The root cause of the problem is that the Prime Minister is effectively free to appoint whomever he pleases to the House of Lords. To make matters worse, the present government is making appointments based on the proportion of the vote in the last election.1 This sounds inoffensive enough until you realize that, because peers serve for life, a future government will have to make a massive number of appointments to re-balance the House (the Electoral Reform Society has suggested that the House could swell to 2,000 peers if Labour wins next year and continues to make proportional appointments).

The appointment process needs to be overhauled immediately. At the absolute minimum, life tenure should be abolished and replaced with a lengthy-but-definite term (for example, 10 years). This would increase turnover and arrest the House’s mushrooming growth. Ideally, the Prime Minister’s power of patronage would also be trammeled, but that might be more difficult. An annual limit on the number of peerages would be the most straightforward option, but the government’s need for ministers in the Lords might complicate matters. Unfortunately, the fitful nature of Lords reform suggests that even modest proposals like these will have a hard time making it onto the statute book.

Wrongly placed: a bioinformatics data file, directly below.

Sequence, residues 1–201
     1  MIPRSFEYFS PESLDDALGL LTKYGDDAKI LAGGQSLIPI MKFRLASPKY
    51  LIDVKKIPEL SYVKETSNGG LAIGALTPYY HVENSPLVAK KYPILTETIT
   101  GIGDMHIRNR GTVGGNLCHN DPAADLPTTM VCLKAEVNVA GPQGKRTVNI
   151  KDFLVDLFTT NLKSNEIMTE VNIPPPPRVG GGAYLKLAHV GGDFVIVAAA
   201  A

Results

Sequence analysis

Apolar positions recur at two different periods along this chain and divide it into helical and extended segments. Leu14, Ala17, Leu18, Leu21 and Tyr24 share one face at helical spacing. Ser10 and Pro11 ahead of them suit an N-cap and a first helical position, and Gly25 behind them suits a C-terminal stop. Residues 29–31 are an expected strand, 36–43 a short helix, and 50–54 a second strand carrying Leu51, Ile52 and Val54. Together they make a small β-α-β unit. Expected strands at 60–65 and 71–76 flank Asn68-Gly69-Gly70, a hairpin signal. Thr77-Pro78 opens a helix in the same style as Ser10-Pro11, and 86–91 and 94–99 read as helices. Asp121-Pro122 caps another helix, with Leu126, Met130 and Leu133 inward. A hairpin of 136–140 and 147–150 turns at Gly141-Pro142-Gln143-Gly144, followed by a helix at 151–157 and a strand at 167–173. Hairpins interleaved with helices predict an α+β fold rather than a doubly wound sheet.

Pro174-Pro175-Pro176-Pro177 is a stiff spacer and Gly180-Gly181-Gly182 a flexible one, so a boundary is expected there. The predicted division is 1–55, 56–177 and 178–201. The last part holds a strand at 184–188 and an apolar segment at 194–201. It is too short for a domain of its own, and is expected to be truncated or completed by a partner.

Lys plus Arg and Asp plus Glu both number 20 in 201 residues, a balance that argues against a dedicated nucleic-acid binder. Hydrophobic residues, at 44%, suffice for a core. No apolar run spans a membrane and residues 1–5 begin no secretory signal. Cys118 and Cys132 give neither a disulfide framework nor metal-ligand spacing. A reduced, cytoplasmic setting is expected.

NOTES

1. Cabinet Office, “The Coalition: our programme for government” (May 2010), 27.

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2 Responses to Cameron Crams More Peers into the House of Lords

  1. Laurence Cox says: